DRAM market jumps on soaring prices

February 15, 2017 // By Peter Clarke
Global DRAM revenue was worth $12.45 billion in the fourth quarter of 2016, up 18.2 percent sequentially and up 21.3 percent compared with the same quarter a year before, according to DRAMexchange.

The rise was attributed to rapidly increasing contract prices for the supply of DRAMs for personal computers.

Demand for DRAM for smartphones remained strong due to Chinese brands and Apple's iPhone 7 launch but this in turn put pressure on DRAM for PCs. "Contract prices of PC DRAM modules increased by more than 30 percent sequentially on average in the fourth quarter due to insufficient market supply," said Avril Wu, research director at DRAMexchange, in a statement. "Server DRAM lagged behind PC and mobile DRAM in terms of price hike during the same period, but it is expected to catch up in the first quarter of this year."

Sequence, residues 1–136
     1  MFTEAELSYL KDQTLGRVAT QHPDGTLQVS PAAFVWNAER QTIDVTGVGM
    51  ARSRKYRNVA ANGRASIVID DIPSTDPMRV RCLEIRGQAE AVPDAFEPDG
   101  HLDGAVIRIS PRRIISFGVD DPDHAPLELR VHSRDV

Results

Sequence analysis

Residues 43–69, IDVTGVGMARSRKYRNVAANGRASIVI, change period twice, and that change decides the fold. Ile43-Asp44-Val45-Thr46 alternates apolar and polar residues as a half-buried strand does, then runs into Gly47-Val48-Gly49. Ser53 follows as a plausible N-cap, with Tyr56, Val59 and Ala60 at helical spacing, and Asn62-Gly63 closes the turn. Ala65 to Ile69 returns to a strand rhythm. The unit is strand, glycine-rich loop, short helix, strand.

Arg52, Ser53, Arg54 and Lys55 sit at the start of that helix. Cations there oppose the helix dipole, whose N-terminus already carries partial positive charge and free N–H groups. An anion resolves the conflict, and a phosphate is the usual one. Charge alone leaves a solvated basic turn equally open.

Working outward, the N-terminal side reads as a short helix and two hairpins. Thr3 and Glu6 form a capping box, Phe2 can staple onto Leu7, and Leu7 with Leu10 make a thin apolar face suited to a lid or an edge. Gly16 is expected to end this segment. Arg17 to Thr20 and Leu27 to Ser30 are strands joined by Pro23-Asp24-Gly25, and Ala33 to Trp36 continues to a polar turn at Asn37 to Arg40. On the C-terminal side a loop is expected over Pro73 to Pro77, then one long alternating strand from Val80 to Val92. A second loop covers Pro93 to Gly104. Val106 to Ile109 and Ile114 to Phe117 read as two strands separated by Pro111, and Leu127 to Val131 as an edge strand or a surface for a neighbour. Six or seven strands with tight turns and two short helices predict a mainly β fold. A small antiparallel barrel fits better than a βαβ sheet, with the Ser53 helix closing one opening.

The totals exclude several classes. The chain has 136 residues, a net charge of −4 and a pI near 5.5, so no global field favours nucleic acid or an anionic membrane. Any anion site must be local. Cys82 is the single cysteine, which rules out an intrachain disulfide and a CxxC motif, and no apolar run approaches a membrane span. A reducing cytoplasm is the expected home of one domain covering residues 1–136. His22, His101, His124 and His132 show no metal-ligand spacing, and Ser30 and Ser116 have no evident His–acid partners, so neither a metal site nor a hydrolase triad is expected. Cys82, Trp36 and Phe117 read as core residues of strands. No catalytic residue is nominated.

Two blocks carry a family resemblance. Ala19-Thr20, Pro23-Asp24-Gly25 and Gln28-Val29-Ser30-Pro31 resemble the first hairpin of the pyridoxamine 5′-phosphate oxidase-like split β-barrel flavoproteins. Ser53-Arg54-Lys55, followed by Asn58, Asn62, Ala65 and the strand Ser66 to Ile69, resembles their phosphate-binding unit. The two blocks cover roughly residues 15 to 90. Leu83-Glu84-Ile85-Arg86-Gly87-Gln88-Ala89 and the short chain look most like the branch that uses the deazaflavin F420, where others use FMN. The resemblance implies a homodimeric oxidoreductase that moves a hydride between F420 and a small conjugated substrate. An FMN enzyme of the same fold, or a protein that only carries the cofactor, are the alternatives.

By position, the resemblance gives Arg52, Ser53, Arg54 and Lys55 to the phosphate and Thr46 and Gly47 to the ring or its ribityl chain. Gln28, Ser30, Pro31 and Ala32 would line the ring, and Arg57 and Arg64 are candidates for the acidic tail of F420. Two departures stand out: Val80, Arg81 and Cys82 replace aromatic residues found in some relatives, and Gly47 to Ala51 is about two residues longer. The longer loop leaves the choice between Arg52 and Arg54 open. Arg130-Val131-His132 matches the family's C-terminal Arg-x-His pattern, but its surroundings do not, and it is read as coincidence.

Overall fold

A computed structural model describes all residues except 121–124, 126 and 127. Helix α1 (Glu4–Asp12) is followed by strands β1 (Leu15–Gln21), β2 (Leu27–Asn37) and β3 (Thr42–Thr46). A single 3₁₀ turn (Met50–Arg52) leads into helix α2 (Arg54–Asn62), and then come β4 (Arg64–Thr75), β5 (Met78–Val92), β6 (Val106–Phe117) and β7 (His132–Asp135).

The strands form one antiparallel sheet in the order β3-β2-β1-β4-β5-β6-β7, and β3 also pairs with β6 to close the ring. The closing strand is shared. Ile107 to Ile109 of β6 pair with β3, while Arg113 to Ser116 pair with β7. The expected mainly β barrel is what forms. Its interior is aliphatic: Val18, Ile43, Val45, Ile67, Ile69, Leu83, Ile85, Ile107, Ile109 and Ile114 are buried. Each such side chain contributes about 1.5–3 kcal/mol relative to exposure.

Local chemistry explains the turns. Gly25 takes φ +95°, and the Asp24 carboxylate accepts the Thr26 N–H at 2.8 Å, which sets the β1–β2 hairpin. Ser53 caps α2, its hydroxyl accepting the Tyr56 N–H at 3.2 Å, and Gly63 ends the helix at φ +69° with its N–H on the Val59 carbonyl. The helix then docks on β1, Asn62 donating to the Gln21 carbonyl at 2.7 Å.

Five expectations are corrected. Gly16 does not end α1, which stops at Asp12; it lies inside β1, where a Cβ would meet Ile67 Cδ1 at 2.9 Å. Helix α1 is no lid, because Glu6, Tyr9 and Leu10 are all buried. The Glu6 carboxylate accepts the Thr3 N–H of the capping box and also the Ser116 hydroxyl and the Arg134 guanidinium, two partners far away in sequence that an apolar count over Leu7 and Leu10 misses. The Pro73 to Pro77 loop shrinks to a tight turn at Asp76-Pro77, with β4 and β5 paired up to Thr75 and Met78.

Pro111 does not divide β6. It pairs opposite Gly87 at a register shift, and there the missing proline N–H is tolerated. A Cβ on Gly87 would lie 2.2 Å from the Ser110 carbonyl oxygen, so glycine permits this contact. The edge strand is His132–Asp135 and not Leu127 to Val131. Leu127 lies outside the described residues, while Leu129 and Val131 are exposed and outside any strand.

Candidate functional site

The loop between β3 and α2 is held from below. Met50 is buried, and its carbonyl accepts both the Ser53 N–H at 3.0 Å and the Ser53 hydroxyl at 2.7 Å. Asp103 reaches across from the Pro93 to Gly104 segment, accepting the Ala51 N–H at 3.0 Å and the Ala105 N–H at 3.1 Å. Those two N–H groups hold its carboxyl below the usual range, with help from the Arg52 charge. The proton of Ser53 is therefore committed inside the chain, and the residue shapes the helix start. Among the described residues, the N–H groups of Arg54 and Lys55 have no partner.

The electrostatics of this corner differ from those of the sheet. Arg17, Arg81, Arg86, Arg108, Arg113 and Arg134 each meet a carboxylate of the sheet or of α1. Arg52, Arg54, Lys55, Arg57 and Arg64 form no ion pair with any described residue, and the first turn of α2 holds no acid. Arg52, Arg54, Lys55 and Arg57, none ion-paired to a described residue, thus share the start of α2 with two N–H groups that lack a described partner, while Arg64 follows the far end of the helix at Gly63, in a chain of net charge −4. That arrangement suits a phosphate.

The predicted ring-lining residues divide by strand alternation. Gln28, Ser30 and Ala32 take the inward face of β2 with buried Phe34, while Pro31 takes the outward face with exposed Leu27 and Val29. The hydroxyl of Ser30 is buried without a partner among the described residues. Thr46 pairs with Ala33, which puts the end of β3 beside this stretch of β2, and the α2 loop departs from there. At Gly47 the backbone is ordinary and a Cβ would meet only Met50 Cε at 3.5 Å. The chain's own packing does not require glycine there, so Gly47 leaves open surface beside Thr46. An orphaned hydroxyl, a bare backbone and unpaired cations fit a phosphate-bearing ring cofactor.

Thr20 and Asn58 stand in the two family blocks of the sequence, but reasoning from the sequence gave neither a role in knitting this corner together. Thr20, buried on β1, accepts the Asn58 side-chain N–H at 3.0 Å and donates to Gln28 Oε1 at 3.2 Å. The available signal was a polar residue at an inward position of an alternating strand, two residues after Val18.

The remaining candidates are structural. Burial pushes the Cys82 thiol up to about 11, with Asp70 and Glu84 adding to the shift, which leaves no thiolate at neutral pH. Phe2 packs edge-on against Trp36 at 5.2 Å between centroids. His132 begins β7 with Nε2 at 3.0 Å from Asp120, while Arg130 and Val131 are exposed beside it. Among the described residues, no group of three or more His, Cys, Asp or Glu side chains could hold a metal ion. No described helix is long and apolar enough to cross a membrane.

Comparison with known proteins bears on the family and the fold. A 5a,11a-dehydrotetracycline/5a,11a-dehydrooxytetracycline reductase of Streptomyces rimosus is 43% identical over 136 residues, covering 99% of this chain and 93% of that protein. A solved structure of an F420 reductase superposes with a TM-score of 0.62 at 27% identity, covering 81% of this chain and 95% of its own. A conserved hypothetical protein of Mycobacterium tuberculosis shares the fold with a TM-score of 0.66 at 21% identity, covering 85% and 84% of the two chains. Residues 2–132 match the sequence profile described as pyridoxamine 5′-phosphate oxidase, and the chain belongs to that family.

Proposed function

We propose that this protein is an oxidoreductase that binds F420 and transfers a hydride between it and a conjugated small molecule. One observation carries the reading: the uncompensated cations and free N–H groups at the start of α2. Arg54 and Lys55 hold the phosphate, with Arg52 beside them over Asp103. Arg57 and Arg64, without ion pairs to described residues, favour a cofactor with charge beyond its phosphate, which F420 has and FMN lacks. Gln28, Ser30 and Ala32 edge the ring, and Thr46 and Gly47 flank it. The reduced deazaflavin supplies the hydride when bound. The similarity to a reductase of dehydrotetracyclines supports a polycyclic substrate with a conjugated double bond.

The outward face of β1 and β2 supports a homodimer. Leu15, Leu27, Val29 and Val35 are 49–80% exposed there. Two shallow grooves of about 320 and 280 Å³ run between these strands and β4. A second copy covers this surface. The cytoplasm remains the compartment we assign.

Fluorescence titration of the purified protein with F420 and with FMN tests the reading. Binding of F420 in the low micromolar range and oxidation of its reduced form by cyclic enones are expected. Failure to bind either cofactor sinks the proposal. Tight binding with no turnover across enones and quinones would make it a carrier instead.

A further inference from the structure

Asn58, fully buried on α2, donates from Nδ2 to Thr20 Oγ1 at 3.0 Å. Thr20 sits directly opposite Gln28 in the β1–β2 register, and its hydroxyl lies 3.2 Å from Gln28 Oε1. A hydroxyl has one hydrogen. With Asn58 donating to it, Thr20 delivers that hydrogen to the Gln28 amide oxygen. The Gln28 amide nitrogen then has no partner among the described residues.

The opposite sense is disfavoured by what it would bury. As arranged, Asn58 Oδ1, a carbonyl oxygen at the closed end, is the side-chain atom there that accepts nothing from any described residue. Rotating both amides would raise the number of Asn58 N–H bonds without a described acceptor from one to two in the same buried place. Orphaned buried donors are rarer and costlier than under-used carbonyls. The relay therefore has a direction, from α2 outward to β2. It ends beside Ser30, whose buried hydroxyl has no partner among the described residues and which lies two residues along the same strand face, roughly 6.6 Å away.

DRAM manufacturers ranked by 4Q16 global revenue ($millions). Source: DRAMexchange.

Moves to expand DRAM manufacturing capacity are being made but will not affect the market until 2H17 so the undersupply is expected to increase in the 1H17 with rising prices.

Samsung, SK Hynix and Micron were the first, second and third ranked DRAM suppliers respectively. Samsung took 47.5 percent market share while SK Hynix had 26.7 percent and Micron around 19.4 percent.

Samsung is expected to introduce its 18nm process in 2017 to maintain a technology lead over competitors while SK Hynix focuses on improving 21nm yield. Samsung wants to get 40 percent of its DRAM production on 18nm process by the end of 2017, DRAMexchange said. SK Hynix plans to begin migration to 18nm in 2H17, DRAMexchange said. Micron has started 18nm production through its Micron Memory Taiwan subsidiary. The recently acquired Inotera may adopt 18nm production in 2H17.

Related links and articles:

www.dramexchange.com

News articles:

Micron CEO to step down

Startup plans to embed processors in DRAM

Micron's Automata Exploits Parallelism to Solve Big Data Problems